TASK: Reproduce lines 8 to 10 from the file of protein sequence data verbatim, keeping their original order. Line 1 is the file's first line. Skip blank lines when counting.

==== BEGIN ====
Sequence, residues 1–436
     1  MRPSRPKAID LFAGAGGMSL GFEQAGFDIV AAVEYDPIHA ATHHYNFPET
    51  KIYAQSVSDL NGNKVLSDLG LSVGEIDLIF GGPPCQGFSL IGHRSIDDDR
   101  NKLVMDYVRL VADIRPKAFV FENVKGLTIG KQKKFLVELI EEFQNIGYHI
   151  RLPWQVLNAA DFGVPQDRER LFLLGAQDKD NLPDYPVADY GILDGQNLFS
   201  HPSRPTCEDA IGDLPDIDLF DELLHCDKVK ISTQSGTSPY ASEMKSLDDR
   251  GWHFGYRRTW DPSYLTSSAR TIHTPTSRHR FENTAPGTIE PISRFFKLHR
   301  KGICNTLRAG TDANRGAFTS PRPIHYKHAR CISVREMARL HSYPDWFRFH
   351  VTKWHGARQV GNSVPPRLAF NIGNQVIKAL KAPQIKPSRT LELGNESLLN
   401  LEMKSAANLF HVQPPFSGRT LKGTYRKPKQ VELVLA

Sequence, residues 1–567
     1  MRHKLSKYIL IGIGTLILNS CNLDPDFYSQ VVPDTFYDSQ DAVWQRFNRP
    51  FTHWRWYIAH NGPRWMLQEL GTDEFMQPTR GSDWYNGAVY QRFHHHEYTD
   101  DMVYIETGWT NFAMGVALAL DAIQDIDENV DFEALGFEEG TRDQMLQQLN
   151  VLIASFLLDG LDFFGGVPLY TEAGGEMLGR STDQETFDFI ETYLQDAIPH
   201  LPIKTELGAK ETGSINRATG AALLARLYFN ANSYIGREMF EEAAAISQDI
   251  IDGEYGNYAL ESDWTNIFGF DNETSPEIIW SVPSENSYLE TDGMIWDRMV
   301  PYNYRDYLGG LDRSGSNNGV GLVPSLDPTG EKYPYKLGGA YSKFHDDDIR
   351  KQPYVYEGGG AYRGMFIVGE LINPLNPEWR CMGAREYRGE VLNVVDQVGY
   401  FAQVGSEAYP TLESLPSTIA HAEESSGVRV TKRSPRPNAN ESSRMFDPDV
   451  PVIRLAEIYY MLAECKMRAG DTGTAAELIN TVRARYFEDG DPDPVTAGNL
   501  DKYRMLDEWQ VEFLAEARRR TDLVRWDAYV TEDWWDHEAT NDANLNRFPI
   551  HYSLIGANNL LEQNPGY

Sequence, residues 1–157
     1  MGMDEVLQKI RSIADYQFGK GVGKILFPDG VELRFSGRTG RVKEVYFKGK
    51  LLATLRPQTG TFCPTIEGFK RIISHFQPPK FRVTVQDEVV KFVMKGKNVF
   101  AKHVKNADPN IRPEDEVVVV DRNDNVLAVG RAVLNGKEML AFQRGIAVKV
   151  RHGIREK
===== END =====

   301  KGICNTLRAG TDANRGAFTS PRPIHYKHAR CISVREMARL HSYPDWFRFH
   351  VTKWHGARQV GNSVPPRLAF NIGNQVIKAL KAPQIKPSRT LELGNESLLN
   401  LEMKSAANLF HVQPPFSGRT LKGTYRKPKQ VELVLA